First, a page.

The conversation is shifting from furloughs and layoffs to reopening and returning to work. A friend of mine recently published an insightful post about effective planning for ramping back up. The article made me wonder if companies are prepared to be introspective enough to consider how their crisis response will affect post-COVID employee retention.
Several companies, many of which are here in the Philadelphia area, did an excellent job with their pandemic response. Sadly, the number of companies that have responded poorly, seem to outnumber the good. Somewhere in the middle of company panic, the human element was neglected and people were hurt.
There was no playbook for this situation, but keep in mind - employees are taking notes.
There are two ways companies can move forward post-COVID. They can double down on great efforts or be honest enough to admit to what could have been done better, learn from mistakes, and create their own future of work. Effective retrospectives need to serve as company-specific foundations for a process I’m calling, reboarding for retention.
Let’s start by talking about furloughed employees who will return to work. While they were temporarily let go, the work they were doing prior didn’t just disappear. It was absorbed by another employee. Will the work be the same when the employee returns? Were there tech enhancements, process improvements, or other efficiencies that will result in a retrain requirement? Remember, these folks were highly productive in their positions just three months before they were labeled “non-essential.” The psychological component that will accompany the employee’s return needs to be a consideration.
For companies who believed work from home (WFH) would be a temporary, short-term response, please understand, WFH has created a completely different approach to how employees have structured their lives. Is WFH ideal for everyone? Nope. Do some love it? Yup. A global health crisis is not a typical WFH situation and I agree, this is not a standard WFH arrangement. Folks are home, during a crisis, trying to work, homeschool, adult, survive, and show they’re capable of maintaining high levels of performance under a very intense situation. Future success will not be measured the way it was three months ago. Employees have been able to prove they can work from anywhere and companies expecting to return to business as usual need to prepare to answer why alternative work arrangements are not long-term options. Companies committed to “back to normal” need to prepare for turnover.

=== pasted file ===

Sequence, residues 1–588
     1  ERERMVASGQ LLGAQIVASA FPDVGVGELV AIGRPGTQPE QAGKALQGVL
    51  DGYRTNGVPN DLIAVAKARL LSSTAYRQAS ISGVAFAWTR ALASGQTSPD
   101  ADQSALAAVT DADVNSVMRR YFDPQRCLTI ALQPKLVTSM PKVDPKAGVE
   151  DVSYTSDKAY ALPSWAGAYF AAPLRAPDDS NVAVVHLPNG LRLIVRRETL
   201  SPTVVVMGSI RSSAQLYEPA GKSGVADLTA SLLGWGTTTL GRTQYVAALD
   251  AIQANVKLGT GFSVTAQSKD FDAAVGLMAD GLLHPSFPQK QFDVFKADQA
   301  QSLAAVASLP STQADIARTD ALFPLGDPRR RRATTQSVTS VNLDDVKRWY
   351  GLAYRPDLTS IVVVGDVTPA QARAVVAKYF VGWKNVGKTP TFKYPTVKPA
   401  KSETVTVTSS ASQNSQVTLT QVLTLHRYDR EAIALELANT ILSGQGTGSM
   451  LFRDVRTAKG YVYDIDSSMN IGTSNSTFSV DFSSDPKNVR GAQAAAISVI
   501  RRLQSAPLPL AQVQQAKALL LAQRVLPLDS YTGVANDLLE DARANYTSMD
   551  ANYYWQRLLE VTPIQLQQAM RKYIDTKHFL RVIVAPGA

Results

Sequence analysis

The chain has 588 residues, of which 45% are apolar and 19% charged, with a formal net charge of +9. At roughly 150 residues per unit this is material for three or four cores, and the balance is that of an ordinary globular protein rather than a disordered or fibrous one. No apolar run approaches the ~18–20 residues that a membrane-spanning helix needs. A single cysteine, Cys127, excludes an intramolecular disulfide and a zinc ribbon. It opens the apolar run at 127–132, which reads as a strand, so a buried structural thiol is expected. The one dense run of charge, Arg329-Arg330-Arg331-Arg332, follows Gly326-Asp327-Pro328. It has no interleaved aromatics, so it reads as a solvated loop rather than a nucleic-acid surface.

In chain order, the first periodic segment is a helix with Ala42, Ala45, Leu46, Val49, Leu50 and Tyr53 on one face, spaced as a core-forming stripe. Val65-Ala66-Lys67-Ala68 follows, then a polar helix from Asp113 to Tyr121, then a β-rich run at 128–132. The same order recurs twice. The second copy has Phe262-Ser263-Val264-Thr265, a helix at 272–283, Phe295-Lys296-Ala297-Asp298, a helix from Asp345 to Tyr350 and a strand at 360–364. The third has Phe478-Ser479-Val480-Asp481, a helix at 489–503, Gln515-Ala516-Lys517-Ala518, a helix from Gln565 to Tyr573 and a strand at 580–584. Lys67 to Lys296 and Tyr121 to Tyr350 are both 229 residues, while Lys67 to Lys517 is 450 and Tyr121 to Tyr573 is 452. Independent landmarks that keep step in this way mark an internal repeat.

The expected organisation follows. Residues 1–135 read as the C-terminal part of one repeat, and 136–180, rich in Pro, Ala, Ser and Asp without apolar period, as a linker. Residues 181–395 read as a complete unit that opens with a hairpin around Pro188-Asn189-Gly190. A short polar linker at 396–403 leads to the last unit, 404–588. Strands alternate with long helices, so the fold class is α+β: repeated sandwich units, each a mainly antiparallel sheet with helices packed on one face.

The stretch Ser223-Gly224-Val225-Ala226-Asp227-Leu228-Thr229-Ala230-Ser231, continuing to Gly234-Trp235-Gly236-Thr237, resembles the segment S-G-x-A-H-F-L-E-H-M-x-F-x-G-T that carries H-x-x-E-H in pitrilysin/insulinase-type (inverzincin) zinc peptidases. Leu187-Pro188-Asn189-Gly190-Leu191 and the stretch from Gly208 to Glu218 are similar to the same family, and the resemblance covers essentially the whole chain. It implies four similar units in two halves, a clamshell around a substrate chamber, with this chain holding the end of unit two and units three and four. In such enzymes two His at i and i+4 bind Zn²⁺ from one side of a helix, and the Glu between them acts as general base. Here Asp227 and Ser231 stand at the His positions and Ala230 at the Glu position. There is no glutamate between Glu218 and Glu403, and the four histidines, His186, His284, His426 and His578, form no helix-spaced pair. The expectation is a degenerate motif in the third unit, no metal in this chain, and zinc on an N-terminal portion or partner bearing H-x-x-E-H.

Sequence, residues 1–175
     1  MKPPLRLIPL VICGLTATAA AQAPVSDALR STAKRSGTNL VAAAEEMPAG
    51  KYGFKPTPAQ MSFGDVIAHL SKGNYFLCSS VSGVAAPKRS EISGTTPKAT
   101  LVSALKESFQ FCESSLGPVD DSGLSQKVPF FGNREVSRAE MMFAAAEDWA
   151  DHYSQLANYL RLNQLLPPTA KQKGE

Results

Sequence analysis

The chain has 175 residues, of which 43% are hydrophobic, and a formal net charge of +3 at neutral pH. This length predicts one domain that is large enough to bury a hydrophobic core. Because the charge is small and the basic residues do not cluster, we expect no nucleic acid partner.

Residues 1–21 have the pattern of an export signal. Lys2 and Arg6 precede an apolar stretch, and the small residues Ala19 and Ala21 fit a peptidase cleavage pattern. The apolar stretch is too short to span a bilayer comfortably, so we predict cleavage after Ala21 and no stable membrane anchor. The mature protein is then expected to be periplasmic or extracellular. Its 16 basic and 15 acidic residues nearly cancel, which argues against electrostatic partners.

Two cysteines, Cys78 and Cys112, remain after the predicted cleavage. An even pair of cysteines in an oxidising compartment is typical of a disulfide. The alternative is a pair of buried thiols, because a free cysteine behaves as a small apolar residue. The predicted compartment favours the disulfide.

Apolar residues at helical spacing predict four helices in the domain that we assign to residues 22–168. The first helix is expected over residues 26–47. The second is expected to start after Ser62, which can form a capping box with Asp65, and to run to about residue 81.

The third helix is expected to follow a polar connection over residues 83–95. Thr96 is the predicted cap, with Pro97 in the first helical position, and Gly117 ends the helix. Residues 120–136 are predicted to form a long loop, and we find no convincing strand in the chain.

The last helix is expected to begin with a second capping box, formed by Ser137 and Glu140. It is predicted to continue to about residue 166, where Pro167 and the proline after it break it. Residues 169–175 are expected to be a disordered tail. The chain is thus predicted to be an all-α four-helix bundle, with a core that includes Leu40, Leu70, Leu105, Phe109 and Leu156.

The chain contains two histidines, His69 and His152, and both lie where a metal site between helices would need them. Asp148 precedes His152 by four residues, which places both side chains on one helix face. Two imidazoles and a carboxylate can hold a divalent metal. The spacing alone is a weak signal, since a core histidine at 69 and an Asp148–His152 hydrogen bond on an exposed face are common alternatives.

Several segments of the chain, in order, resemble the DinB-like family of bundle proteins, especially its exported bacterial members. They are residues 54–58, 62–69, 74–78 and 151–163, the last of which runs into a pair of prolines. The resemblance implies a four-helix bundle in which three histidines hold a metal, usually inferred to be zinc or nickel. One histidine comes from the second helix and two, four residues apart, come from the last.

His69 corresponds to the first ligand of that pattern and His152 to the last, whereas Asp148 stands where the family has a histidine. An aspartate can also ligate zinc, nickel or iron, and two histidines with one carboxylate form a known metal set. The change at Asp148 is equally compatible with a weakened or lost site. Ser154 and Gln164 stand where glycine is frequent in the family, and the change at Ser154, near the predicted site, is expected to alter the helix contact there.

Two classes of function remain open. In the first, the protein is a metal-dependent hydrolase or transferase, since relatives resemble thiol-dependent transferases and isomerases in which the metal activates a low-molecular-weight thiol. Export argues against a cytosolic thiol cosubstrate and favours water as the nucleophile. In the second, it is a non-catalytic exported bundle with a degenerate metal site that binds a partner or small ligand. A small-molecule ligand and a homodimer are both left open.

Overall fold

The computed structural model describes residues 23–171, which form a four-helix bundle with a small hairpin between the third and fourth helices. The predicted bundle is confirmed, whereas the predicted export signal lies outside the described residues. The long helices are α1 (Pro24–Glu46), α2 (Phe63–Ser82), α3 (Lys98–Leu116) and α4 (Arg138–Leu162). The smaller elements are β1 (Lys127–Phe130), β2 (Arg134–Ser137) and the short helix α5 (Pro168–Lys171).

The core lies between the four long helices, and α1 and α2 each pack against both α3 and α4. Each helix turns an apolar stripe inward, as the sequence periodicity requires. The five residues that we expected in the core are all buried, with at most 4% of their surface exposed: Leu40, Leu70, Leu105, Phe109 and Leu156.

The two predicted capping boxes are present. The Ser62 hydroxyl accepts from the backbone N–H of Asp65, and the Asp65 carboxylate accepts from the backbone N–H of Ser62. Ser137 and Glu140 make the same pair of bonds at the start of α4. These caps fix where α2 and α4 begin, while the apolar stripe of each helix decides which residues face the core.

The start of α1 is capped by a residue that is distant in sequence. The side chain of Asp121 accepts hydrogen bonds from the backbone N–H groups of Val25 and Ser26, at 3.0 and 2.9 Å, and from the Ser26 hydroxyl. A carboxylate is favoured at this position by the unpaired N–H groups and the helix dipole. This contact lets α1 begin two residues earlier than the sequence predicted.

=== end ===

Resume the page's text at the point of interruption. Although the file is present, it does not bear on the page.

Let’s check-in on company policies and handbook basics:
○ Does it get paid out or will everyone be off for the entire month of December?
○ What happens to the people who have lost loved ones and were robbed of the opportunity to grieve properly?
○ Telehealth utilization likely spiked - were copays and deductibles too costly?
○ Did the employee assistance program fully support employees in crisis?
○ Is it time to build new benefit programs that can withstand future emergencies?
Social distancing is a way of life for the foreseeable future, creating safety challenges for every office environment. Facilities employees were likely furloughed because, well, kitchens and living rooms became offices. Calling facilities people back to work sooner rather than later needs to be a priority. These are the professionals who will support reconfiguring office spaces to maximize social distancing efforts and safety measures. Facilities folks will likely be responsible for complying with OSHA’s return to work guidelines. Pennsylvania is taking reopen guidelines even further by requiring employers to name a “Pandemic Safety Officer.” Frequent deep cleans, PPE, controlling common areas, determining how many people can be in the building at once - it’s a whole new world of working. This is not, exclusively, for HR to manage.
Compensation beyond performance increases and annual salary budget planning needs to be reviewed. Employees across the country have taken a reduction in pay. eCommerce retailers, in particular, are posting record sales days as a result of living room retail therapy, doorstep delivery vs in-store shopping, and stimulus checks doing what they do. It’s tough for employees to tolerate working at a reduced salary while watching sales days hit historic highs. This is especially difficult for the folks who have experienced an increased workload, as a result of their furloughed team member. Companies who are preparing a “back to normal” strategy, need to develop a compensation restoration plan, and quickly.
Plug #hiringnow into a LinkedIn search and the list of companies who are hiring is extensive. The positions are not the “gig”, entry-level positions employers are likely imagining. Companies are hiring to meet demand in spaces that will continue to expand to meet the permanent adjustments people have made to their lives. There are promising, career-forward opportunities available and it’s a false reassurance for companies who tell themselves the job market isn’t there. Newly created jobs, created from efficiencies, technological advances, and redeveloped business initiatives will be a significant driver of the new job market.
There is no such thing as a “back to normal”. Even before the pandemic, normal was subjective. The word itself fails to acknowledge difference and at times, emphasizes sameness. We are permanently changed. How has your company managed the pandemic? Has the response focused on empathy and humanity or was the human element neglected, leaving folks feeling disposable? A company’s pandemic response will either push folks into new job opportunities or, through reboarding for retention, create a renewed sense of loyalty. Let’s identify the improvements that can be made, ensuring a “return to work" that is designed with an intentional approach, practicing care, and acknowledging employees’ new needs.